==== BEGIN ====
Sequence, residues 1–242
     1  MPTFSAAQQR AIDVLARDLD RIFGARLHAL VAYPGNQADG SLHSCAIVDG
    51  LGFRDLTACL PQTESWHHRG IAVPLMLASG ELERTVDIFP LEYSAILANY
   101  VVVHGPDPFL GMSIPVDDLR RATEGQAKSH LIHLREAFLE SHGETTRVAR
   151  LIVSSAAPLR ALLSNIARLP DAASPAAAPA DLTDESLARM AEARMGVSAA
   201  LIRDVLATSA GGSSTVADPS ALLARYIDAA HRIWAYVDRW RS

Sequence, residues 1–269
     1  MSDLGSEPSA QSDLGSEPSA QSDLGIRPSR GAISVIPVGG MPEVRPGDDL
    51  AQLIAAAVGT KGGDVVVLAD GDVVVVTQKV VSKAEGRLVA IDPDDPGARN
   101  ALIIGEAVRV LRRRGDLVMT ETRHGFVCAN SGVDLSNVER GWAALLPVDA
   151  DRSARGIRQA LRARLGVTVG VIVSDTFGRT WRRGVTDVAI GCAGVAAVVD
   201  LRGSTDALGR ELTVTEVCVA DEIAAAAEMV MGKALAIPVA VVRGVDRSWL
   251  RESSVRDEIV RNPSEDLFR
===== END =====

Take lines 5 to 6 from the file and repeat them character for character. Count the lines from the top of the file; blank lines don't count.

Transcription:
   151  LIVSSAAPLR ALLSNIARLP DAASPAAAPA DLTDESLARM AEARMGVSAA
   201  LIRDVLATSA GGSSTVADPS ALLARYIDAA HRIWAYVDRW RS